Like

    Posted by David | July 18, 2012, 1:10 pm
  6. Fell trees and open up view, says court
    http://m.smh.com.au/domain/real-estate-news/fell-trees-and-open-up-view-says-court-20120511-1yi1z.html
    SMH: Stephen Nicholls May 12, 2012

    WHO said you can’t own a view? The chairman of Leighton Holdings, Stephen Johns, has won his view back in a court decision.
    Mr Johns took his Bellevue Hill neighbour, Tom Breuer, widower of art gallery owner Eva, who died of cancer in 2010, to the Land and Environment Court.
    Mr Breuer has been ordered to remove a hedge of seven Leyland cypress trees growing on his Victoria Road property, which the court found severely obstructed Mr Johns’s views across Rose Bay, Shark Island, Sydney Harbour and Vaucluse to Middle Head.
    Commissioner Judy Fakes found the trees, which ranged from six metres high to 11 metres, could not be pruned without ruining them, so they had to go.
    Peter Speed, of Speed and Stracey Lawyers, who represented Mr Johns, said the relevant law was the Trees (Disputes Between Neighbours) Act 2006.
    ”Views, especially water views, are critical to a property’s amenity and value,” Mr Speed said. ”[The act] gives the court wide power to fix a situation where two or more trees forming a hedge severely obstructs the views, or sunlight, of another residence.”

    Residents want to see sea, not trees
    http://www.theherald.com.au/news/local/news/general/residents-want-to-see-sea-not-trees/2547727.aspx
    The Herald 08 May, 2012 09:19 AM

    After the drama of Laman Street, Newcastle City Council had hoped its plans to plant 30,000 new street trees throughout the city would be much less controversial.
    Not so at Stockton, where residents are taking legal action to stop tree plantings they believe will block their ocean views and reduce the value of their homes.
    The council said yesterday it would soon plant beach hibiscus trees in Mitchell Street on “the boundary line of every second property in order to maximise the view corridors for the residents”.
    The trees can grow to 10 metres with a bushy canopy, but the council says they will be pruned during the first few years to ensure they grow straight and true.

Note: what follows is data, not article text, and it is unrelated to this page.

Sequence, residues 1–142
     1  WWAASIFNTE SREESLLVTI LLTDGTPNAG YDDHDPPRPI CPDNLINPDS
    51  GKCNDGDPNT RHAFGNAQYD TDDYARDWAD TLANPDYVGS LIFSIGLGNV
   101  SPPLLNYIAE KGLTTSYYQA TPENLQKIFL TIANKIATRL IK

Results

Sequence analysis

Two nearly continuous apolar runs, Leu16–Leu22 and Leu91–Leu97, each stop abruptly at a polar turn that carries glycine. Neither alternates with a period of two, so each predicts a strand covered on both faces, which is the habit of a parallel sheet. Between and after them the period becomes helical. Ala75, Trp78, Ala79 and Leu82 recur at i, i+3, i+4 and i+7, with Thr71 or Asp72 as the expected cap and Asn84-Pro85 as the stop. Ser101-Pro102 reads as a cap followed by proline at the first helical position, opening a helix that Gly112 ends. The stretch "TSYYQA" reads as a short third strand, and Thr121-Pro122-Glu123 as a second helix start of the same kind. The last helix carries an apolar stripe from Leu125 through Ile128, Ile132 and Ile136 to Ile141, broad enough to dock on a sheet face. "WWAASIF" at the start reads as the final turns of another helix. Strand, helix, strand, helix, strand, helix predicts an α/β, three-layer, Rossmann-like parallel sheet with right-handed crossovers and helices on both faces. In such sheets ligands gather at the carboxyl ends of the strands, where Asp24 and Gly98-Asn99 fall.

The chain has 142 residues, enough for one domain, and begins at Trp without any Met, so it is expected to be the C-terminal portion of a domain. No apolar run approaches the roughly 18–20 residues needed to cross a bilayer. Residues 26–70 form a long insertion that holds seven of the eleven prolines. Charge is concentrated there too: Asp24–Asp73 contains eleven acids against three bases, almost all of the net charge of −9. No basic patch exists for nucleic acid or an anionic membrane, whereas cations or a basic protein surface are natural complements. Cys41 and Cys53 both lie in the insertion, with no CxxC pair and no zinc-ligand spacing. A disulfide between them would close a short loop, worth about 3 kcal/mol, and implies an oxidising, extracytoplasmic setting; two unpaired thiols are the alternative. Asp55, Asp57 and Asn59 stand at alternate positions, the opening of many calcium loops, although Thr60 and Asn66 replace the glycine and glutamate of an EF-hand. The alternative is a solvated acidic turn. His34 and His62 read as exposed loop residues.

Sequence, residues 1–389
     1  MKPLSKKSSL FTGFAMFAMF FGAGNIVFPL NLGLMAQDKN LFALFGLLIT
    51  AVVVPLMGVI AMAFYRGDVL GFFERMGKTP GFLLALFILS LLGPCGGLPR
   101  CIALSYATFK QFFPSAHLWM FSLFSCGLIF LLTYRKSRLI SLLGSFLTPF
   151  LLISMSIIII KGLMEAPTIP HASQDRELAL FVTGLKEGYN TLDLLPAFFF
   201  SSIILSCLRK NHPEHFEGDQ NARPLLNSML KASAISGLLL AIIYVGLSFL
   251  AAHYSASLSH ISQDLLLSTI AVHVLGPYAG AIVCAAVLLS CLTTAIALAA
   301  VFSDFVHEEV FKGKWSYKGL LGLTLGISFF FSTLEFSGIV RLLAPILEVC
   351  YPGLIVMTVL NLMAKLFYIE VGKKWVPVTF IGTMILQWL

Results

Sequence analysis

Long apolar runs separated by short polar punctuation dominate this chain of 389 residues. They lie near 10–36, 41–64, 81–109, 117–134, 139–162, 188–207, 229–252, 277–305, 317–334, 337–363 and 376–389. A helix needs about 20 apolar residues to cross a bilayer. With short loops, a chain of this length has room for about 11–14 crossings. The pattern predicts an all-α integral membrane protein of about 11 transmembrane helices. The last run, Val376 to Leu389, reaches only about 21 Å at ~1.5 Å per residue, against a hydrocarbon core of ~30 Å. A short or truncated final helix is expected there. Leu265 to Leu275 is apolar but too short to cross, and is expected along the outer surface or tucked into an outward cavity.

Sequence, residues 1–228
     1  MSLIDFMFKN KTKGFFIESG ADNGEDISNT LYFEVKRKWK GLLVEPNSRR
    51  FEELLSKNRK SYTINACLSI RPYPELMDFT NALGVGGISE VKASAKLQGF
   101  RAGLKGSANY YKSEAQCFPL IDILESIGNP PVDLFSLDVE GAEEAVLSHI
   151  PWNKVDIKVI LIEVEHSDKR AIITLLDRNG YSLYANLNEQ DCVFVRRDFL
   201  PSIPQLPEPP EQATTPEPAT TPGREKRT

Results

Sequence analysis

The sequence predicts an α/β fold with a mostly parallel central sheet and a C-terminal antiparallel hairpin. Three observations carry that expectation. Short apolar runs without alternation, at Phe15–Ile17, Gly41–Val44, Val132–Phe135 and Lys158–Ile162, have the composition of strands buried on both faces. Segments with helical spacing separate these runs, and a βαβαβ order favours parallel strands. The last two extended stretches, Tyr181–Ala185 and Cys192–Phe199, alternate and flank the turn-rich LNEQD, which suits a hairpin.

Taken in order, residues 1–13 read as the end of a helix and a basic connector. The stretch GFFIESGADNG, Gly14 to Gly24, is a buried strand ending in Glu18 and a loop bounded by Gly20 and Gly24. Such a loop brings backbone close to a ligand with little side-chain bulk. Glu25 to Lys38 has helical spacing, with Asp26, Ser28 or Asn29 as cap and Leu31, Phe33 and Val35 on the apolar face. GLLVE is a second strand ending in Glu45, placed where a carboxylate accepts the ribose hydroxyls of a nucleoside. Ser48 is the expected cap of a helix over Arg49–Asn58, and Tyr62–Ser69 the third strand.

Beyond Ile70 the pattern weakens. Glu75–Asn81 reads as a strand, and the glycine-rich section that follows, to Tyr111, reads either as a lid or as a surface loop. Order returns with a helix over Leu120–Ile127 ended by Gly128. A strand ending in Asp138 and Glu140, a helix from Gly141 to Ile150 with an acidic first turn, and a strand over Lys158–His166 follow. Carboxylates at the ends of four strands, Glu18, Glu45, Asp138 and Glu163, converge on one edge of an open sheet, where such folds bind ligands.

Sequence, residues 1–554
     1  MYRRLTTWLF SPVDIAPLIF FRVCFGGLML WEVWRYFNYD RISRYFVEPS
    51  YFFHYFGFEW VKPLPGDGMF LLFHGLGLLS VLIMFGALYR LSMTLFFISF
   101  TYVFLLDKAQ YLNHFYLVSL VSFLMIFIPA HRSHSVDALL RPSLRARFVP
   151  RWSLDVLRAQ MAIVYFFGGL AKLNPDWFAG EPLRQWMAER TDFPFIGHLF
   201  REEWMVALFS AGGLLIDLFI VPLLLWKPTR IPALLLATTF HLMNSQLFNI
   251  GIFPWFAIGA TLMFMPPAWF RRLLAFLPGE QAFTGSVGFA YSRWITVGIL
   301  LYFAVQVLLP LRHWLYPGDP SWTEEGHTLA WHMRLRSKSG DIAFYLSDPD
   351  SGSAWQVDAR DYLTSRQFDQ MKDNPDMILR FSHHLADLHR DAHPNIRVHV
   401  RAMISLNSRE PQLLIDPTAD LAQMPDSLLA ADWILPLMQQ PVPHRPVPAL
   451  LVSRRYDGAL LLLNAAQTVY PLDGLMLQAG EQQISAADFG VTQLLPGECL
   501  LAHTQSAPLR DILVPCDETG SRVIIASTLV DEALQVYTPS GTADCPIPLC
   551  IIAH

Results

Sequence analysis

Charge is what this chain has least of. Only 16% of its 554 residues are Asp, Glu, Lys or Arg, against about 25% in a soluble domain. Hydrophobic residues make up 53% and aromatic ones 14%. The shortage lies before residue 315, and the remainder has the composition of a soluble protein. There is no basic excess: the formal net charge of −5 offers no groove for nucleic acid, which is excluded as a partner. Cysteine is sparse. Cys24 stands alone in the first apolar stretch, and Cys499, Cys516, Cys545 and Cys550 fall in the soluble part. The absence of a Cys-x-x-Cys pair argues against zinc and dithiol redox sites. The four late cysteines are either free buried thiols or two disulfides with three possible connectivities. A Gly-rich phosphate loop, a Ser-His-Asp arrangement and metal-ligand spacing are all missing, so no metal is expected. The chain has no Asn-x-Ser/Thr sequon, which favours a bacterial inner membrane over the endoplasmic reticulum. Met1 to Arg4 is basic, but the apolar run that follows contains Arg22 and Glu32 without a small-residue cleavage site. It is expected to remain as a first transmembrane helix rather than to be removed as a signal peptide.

But Mitchell Street residents are upset and angry, and claim they haven’t been properly consulted and will still be badly affected.
    Bob Dein said the strip is one of the most desirable locations on the east coast.
    “These trees, if planted . . . will have nothing but an adverse effect on us all,” Mr Dein said.
    “There are no parts of Stockton, no people in Stockton that are going to benefit from these trees.”
    Forty-nine people have signed a petition during the past few days and late yesterday, a lawyer acting for residents advised the council they were taking legal action.

    Woollahra residents can prune park trees
    Wentworth Courier 10 Aug 11 @ 11:30am by KEVIN CHENG
    http://wentworth-courier.whereilive.com.au/news/story/residents-can-prune-park-trees/

    CHEERS and jeers from residents filled the chambers of Woollahra Council on Monday night as councilors voted to approve the new tree management policy….

    Liberal councilor Chris Howe’s address was met with applause by residents as he said “a tree is a tree” and people should be allowed to keep their views.
    “Most people in Woollahra accept tree pruning is a proper process,” he said.
    brought a sense of order to the meeting and reminded the council, not all residents would be able to prune park trees.